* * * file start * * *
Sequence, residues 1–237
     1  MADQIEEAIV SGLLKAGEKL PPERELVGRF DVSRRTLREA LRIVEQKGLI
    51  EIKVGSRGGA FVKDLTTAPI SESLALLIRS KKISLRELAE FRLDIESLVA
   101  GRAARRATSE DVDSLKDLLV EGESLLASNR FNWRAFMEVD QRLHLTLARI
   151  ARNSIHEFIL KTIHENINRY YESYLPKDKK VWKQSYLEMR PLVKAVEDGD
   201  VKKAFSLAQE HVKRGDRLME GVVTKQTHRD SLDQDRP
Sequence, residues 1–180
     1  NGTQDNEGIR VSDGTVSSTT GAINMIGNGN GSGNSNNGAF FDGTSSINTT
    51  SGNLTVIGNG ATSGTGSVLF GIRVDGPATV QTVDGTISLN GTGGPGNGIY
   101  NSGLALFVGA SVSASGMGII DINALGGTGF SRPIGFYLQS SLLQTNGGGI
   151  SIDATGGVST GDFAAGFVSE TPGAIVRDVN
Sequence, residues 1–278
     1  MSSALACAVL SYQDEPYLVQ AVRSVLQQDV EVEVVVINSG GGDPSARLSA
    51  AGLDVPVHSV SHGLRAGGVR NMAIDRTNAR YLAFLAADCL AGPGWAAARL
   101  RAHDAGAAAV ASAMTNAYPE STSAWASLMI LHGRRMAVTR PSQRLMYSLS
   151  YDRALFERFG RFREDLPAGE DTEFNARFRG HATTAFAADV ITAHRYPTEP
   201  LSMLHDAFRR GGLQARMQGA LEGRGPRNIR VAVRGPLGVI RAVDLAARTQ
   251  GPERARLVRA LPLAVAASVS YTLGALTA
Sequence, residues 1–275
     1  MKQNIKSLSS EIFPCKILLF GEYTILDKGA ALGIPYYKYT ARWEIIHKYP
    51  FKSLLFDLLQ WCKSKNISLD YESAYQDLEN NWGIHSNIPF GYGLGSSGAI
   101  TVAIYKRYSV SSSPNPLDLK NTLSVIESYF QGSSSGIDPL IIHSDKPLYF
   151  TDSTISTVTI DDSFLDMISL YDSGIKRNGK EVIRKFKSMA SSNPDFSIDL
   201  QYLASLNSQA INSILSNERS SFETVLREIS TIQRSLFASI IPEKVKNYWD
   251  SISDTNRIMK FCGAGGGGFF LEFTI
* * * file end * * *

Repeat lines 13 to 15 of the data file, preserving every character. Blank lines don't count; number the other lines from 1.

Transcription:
     1  MSSALACAVL SYQDEPYLVQ AVRSVLQQDV EVEVVVINSG GGDPSARLSA
    51  AGLDVPVHSV SHGLRAGGVR NMAIDRTNAR YLAFLAADCL AGPGWAAARL
   101  RAHDAGAAAV ASAMTNAYPE STSAWASLMI LHGRRMAVTR PSQRLMYSLS